The Senate will vote today on whether to confirm President’s controversial pick for the Ninth Circuit Court of Appeals, Professor Goodwin Liu. But according to Fox News, it looks as if the Republicans may have the votes to sustain a filibuster:
In a most ominous sign, former GOP members of the so-called “Gang of 14,” who narrowly averted a judicial crisis back in 2005 that nearly shut down the Senate, are lining up against Liu, as well. The somewhat undefined threshold developed by the bipartisan group back then stated that a nominee should be filibustered only under “extraordinary circumstances.”
Sen. John McCain, a leader in the Gang of 14, has already announced that he will support a filibuster. Fox News also reports that the Obama administration has failed to reach out to the more centrist GOP senators needed to pass the confirmation. Sens. Olympia Snowe and Susan Collins both said that the administration hasn’t contacted them. And in another bad sign for the Democrats, Sen. John Thune, who typically opposes filibusters, hinted that he might back this one. “Doesn’t this fit the ‘extreme circumstances’ definition?” he told Fox.
The Senate Republican leadership also came out swinging on this issue. The communications office sent out a statement last night reiterating some of Liu’s most controversial statements and positions. He has been an outspoken supporter of left-wing judicial activism, saying after Obama’s election that “we have the opportunity to actually get our ideas and the progressive vision of the Constitution and of law and policy into practice.”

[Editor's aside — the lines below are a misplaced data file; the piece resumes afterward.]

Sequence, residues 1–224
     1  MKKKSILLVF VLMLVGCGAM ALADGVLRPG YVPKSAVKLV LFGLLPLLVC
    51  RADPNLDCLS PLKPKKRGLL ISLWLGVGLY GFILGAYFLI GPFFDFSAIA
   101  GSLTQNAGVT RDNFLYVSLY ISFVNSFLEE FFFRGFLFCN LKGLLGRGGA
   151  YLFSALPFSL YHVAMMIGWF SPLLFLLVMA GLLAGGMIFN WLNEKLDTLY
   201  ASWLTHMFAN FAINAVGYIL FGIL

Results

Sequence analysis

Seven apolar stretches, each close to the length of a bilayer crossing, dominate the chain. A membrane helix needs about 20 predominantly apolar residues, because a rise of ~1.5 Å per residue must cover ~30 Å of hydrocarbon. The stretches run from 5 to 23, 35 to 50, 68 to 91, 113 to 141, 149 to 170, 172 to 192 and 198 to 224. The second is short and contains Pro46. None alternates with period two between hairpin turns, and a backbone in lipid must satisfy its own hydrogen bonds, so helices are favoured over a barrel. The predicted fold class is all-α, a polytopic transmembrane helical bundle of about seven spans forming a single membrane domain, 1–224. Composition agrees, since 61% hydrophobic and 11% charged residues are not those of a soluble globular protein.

Liu has dismissed “free enterprise” “private ownership of property” and “limited government” as “code words for an ideological agenda hostile to environmental, workplace, and consumer protections.” And he has complained that the U.S. judicial system has shown a “resistance” to using foreign authority to shape American constitutional law.
The problem is that Liu, only 40, is young and considered a rising star in the progressive activist world. He’s up for a lifetime appointment, which many see as a grooming period for an eventual Supreme Court nomination.
Which is why it’s important for conservatives to clip him before he can make that ascent. It’s by no means clear what will happen when the Senate votes this afternoon, and there are still numerous senators who haven’t announced a decision on the issue. But at the moment, it looks like the GOP is in good shape to block the nomination.